However, the peace of the place will certainly be damaged if motorway sounds can be heard from the hill. I doubt if they will. I was just there last month, and knowing about the planned expansions, noted how far away the current road is, and where the expansion will be (not too far from the current road). I doubt that it will have a huge impact on the noise levels, but I also doubt it will have no impact.

I'm ambivalent about this. It is a sacred, special spot, and should be preserved. However, time does march on.

Not Irish by birth, but I am by ancestry. It is the land of my soul.
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Aug 22nd, 2006, 11:42 AM
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Interesting, although I bet if your family had told you they were Swiss you'd be visiting Geneva every other year and wintering in Interlaken, splurging on toblerone and cuckoo clocks.

People are easily influenced.
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Aug 22nd, 2006, 11:45 AM
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Stella: Is that why you think you're Swiss? Best regards. PQ
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Aug 22nd, 2006, 11:48 AM
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Stella:

I've done extensive research into my family history. I have Irish, Scottish, English, Welsh and German background. The largest proportionally is German, but I have the least amount of interest in that country. Irish is probably the smallest proportion, but I feel the strongest attachment to that country and it's history, culture and people.

Go figure
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Aug 23rd, 2006, 04:02 AM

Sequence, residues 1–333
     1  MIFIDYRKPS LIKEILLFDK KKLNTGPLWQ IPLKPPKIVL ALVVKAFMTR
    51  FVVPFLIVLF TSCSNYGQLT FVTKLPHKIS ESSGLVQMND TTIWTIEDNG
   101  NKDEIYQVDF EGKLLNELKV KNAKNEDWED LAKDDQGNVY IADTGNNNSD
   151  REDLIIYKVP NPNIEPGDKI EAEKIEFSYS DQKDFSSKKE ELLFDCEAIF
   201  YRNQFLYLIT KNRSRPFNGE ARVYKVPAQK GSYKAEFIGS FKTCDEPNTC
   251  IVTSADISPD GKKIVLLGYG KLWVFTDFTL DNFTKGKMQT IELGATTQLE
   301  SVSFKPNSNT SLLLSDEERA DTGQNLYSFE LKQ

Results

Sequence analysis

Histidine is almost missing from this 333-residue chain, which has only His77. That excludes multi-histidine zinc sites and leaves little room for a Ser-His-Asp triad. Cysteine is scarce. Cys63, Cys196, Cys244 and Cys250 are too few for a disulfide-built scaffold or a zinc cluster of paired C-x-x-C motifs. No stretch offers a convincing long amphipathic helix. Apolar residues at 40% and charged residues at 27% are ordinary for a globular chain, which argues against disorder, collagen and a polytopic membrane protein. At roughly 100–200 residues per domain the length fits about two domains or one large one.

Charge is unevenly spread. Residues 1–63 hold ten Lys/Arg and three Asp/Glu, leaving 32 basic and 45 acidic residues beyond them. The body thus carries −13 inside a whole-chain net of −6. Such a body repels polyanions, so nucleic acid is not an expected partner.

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Maybe because English is widely spoken there? I don't know.

Secondly you have way too many backgrounds, greendragon; I believe you're only allowed 4.
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Aug 23rd, 2006, 04:12 AM
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I'm Irish and believe me we need new roads and decent infrastructure. The proposed motorway is a long way from the hill of Tara and wont interfere with the integrity of the site. We have been dogged by so many of these protests over the past few years it seems like every time an old pot is dug up the country has to grind to a halt.
 
Aug 23rd, 2006, 12:12 PM
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But Stella, only 4 assumes your grandparents were all purebreds -- and I've had ancestors in the US (read: melting pot) since the 1600s. Lots of mixing!!!!
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Aug 23rd, 2006, 10:04 PM
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"whether the Celtic Tiger should continue to modernize Eire at the cost of cherished traditions"

The protest has nothing to do with tradition. How did the Kings, or St Patrick, or the crowds listening to Daniel O'Connell get there without using transport links that disrupted their past?

This is all about academics, fronted by obscure luvvies, wanting bits of Ireland* to be preserved for their unique use. A view which most Irishmen and women dismiss.

Rightly. Ireland has more than enough archaeological sites already

*According to its government, the official English name of the Republic of Ireland is Ireland, not Eire. Telling the Irish government how to speak English is just ignorant imperialism.
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Aug 24th, 2006, 06:00 AM
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imperialism - Brits talking about imperialism and Ireland now that's a hoot - it sure wasn't ignorant imperialism - the total rape of the country for centuries - letting folks starve i guess was ignorant imperialsim or maybe it wasn't.
Look on the Irish coins and stamps and you see EIRE in big letters - enough said on that! I know it's Gaelic but that's what they call their country i guess - no Ireland on it.